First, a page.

Does Starlink Internet Have Data Caps?

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With Starlink gaining more customers, the question about Starlink data limits and data caps has become a common concern. When most people think of data caps, they think about mobile data plans which would throttle their mobile internet speed until the new month comes around. Needless to day, having an internet service provider that limits your bandwidth is not something that most customers will want. But unlike mobile data plans, it’s a lot more difficult for customers to shop around for home internet services.

If you are considering Starlink internet, chances are you already have very few home internet options, so simply picking the one without data caps is not a feasible solution. In this article we will explain data caps, examine how common they are, and tell you whether you can expect them with Starlink satellite internet.

Yes, Starlink has a soft data cap of 1 TB for Residential customers. Each month, you will get 1 TB of ‘Priority Access’ data. After that balance is exhausted, you will still have unlimited ‘Basic Data’. There is no hard limit on the amount of data you can use, but since it is a soft cap, speeds will be throttled if you use all your Priority Access data.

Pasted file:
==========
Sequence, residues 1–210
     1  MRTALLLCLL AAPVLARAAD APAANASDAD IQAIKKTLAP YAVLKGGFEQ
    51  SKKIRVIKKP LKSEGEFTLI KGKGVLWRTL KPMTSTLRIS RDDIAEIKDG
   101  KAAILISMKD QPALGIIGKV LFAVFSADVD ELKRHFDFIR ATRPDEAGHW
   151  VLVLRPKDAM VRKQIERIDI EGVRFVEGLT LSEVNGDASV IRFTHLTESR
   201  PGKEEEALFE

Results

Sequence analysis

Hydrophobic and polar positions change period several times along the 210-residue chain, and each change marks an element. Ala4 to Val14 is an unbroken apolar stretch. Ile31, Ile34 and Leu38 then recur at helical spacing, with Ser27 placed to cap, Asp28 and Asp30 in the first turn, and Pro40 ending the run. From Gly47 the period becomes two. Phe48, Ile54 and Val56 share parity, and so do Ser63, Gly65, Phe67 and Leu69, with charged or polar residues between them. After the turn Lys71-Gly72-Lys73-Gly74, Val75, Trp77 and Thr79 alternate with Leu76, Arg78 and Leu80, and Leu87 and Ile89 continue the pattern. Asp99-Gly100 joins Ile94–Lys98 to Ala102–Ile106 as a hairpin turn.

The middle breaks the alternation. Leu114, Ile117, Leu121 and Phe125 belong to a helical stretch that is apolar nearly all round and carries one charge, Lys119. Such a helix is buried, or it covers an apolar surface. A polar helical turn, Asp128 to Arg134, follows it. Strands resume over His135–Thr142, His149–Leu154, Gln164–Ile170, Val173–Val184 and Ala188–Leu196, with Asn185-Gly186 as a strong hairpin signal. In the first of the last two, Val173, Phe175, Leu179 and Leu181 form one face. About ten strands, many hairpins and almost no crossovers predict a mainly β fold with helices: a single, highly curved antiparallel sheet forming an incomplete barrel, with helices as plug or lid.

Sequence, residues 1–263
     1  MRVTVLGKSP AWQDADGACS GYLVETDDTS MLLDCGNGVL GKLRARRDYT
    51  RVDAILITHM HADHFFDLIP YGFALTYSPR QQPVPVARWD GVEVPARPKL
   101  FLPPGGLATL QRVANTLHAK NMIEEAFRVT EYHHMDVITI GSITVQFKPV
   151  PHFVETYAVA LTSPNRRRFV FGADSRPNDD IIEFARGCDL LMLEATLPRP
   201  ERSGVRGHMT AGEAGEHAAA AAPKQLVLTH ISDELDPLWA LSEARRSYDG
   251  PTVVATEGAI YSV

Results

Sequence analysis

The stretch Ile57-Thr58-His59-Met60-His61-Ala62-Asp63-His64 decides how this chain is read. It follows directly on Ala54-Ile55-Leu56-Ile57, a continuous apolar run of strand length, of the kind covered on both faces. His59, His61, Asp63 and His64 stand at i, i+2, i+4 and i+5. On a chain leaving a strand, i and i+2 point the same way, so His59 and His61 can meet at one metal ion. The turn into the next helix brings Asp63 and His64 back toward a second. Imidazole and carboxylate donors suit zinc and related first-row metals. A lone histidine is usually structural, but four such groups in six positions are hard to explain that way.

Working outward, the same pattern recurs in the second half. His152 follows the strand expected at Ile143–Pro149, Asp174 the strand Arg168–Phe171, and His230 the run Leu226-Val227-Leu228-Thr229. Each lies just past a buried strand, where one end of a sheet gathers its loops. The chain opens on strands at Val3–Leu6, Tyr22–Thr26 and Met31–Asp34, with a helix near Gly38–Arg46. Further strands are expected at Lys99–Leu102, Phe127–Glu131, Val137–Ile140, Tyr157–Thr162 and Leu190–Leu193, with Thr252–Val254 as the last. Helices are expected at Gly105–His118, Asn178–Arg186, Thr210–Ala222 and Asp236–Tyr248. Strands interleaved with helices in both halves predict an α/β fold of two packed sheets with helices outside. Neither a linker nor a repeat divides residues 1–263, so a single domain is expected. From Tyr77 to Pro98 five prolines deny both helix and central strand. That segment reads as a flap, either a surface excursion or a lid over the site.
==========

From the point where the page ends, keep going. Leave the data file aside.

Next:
Priority Access users have the best performance, while Basic Data users have deprioritized service. In times of network congestion, Basic Data users may see slower speeds and reduced performance.

You can choose to purchase additional Priority Access data at a rate of $0.25/GB.

To learn more about Starlink’s data tier system, check out the Starlink Fair Use policy.

Related: Starlink Introduces 1 TB Soft Data Limit, Slashes Speeds 50% for US Customers

Does Starlink offer unlimited data?

Yes, Starlink data is unlimited, which allows you to download and upload as much as you want. This applies to all of their service tiers. While the amount of data you can use is unlimited, speeds will be throttled if you run out of Priority Access data.

What are data caps?

Every internet service provider will have their own definition of what a data cap is, usually explained in your service agreement that you sign when you activate your service. Generally, a data cap (or data limit) is a pre-defined amount of data bandwidth that you can use before suffering performance throttling.

Data caps exist to prevent customers from hogging too much bandwidth. On a network with limited capacity, bandwidth hogs can degrade the experience of other customers. You’ll usually find these limits on older network systems, like 3G and 4G wireless. Fixed broadband internet provides don’t usually have data limits because their network infrastructure is more scalable and powerful.

What is data throttling?

Data throttling is a technique that internet service providers use to limit the speed of customers in certain situations. In the context of this article, throttling is usually employed by the provider when a customer reaches their monthly data cap. Another situation where throttling comes into play is if the network is congested with a lot of users. Users with a lower data priority can have their speeds slowed in order to give more performance to other customers.